BY ELSIE LYNN PARINI
Perhaps these dark weeks of December bring sweet, warm smells of mulled wine and gingerbread to your kitchen, or perhaps a family trip to a tree farm, followed by a mess of tangled twinkle lights and familiar memories unwrapped with each paper-covered ornament. Yes, ’tis the season for traditions.
But let’s be honest, sometimes — just like that gingerbread house hardening on your counter — traditions can get a little stale.
Josh Collier, artistic director of Barn Opera in Brandon, has just what we need to spice up our holiday traditions. He’s bringing “Amahl and the Night Visitors,” a 40-minute opera to the Salisbury Congregational Church on Dec. 17 and 18.
Actually, he’s bringing it back to the Salisbury church.
“Glenn Andres (a member of the church and Salisbury resident) contacted me and asked me if I’d be interested in putting on the production,” Collier remembered. “I said, yeah, let’s do it!”
That was 2019 — pre-pandemic.
“When we realized we were going to sell out, I talked to the cast about doing the performance again in 2020 and we announced that we were launching this as an annual tradition,” Collier paused. “And then… Covid.”
For 2020, Barn Opera made a virtual effort, but this year, the original 2019 cast is coming back in person and Collier is committed to making the tradition stick.
“My plan is to do this annually,” he said. “It’ll be the same story, the same show, but with a different take each year.”
What makes the show different for 2021?
Well, the biggest difference is the protagonist, Amahl.
In 2019, Amahl was played on alternating nights by brothers Joshua and Jonathan Kafumbe. But, as it happens, their voices matured and Collier needed to find a new singer for the role.
“There is a problematic moment in this opera,” Collier noted; a moment that made him consider not producing the show.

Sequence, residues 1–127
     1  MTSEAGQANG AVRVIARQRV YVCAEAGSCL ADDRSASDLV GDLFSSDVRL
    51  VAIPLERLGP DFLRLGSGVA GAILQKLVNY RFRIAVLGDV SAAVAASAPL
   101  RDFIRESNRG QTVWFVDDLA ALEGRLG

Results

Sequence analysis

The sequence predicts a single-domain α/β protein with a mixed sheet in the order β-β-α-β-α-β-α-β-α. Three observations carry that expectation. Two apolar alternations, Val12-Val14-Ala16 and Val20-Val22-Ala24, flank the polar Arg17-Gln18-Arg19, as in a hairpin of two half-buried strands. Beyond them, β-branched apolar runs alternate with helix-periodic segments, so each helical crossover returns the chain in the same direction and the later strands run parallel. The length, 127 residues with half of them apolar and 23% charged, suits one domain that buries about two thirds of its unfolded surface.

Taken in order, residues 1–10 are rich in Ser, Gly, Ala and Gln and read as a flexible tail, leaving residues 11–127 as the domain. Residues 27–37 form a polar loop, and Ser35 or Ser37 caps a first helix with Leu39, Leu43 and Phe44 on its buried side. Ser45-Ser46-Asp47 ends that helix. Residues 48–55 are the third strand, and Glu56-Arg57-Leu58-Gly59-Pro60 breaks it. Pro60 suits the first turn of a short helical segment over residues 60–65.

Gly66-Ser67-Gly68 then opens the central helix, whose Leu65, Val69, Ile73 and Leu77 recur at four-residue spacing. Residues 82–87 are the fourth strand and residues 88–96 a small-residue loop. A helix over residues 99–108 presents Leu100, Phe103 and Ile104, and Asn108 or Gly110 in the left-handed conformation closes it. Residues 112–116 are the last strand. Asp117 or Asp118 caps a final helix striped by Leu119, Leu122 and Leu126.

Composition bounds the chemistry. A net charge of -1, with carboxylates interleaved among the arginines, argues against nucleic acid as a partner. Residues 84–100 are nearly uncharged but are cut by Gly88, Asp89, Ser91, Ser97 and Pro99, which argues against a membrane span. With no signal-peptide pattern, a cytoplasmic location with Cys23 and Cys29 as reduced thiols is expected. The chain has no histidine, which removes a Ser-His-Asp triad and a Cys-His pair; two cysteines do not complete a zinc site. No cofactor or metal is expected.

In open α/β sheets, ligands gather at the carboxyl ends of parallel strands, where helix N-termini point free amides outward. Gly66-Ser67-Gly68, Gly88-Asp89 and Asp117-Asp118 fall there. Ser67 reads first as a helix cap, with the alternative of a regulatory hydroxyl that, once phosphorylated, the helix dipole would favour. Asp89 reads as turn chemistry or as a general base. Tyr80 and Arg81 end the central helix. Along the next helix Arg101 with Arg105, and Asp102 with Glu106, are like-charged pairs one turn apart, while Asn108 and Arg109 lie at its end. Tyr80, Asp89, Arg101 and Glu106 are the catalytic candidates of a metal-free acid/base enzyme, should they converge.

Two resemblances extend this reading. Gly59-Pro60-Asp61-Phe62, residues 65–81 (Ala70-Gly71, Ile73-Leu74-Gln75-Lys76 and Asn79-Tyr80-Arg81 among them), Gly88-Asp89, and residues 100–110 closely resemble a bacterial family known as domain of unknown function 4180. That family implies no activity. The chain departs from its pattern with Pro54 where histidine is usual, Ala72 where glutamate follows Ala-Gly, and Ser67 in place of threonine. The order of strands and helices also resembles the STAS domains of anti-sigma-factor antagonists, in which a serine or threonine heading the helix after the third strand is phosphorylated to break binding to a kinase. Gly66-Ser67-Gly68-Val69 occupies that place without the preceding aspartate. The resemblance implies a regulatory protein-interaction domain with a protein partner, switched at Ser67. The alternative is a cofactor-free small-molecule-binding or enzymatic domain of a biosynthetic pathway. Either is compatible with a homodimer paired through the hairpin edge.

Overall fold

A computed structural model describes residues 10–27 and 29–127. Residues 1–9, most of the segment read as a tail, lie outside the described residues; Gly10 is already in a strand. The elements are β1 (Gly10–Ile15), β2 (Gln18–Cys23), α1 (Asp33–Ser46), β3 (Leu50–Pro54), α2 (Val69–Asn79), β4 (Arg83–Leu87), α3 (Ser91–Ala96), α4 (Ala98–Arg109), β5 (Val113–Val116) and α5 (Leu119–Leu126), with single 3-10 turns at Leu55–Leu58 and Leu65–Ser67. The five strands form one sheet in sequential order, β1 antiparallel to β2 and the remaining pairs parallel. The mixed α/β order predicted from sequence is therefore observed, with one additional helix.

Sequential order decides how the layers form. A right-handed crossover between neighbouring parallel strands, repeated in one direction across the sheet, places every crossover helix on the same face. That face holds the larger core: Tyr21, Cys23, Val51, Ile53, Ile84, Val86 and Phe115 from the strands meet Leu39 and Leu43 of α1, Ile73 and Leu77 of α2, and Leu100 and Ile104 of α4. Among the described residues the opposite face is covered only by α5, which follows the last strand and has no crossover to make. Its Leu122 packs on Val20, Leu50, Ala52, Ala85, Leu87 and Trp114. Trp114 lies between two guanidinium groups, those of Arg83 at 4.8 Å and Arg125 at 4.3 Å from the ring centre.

A little background first: “Amahl and the Night Visitors” was the first opera to be broadcast to a national television audience — that was back on Dec. 24, 1951. The story revolves around a young handicapped boy and his mother, who live in a poor village on the route the three kings travel to meet the Christ-child after his birth. The kings arrive, weary from their journey and they stop for the night, enjoying the hospitality of Amahl and his mother. There is a great disparity in the wealth of the kings and Amahl’s mother, and socio-economic conflict ensues, with a beautiful resolution fitting the spirit of the season you’ll have to see.
“One of the kings, King Balthsazar, is black and in every production that’s how it should be,” Collier explained. “The problematic scene is when Amahl answers the door and says something to the effect of ‘Mom, there are kings at the door, and one of them is black.’ It lands really poorly. So I decided if I’m going to put on this opera, Amahl is going to be black — that way when he says that line it comes across as ‘that man looks like me and someday I could be a king too.’”
This year Amahl will be played by Ambrose Cusick.
“Ambrose is 15 years old, his father is a white American and his mother is of Asian descent,” Collier described. “And Ambrose is openly transgender.
“I’m really excited about the prospect of working with Ambrose,” Collier continued. “He’s a sophomore at Burlington High and has worked with Lyric Theater a few times. What I love most is the fact that he is so comfortable in his skin. The lyrics reference “oh, little boy” a lot, so the character does need to be a boy. I think this is a great opportunity to give visibility to the trans community in anyway we can.”
Collier has decided that whenever he produces this show, that sensitive line will be changed to resonate with whomever is playing Amahl.
Joining Cusick will be Helen Lyons as Amahl’s mother, Cailin Marcel Manson as King Balthsazar, Nicholas Tocci as King Melchoir, Collier as King Kaspar and Tobias Duke as Servant. The principle performers are joined by a nine-member community chorus and accompanied by the “remarkable” pianist Felix Jarrar.
The performers have all been fully vaccinated against Covid-19 and will perform unmasked in the Salisbury Congregational Church. Capacity will be limited to 120 (the max is 150), and audience members will need to show proof of vaccination and are encouraged to wear masks indoors.
Performances will be held at 5:30 p.m. and 7:30 p.m. on Friday, Dec. 17 and Saturday, Dec. 18, with a run time of no longer than 45 minutes.
“Because of the nature of the story, the sacred space gives the right atmosphere,” said Collier, adding that the show will not be reproduced at Barn Opera in Brandon. “We don’t have a heavy handed Christian approach… the characters are, for sure, but the story is about unbridled generosity and that’s something that transcends religious boundaries.”
Tickets are $25 for adults and $10 for children (plus fees) and are available at barnopera.com.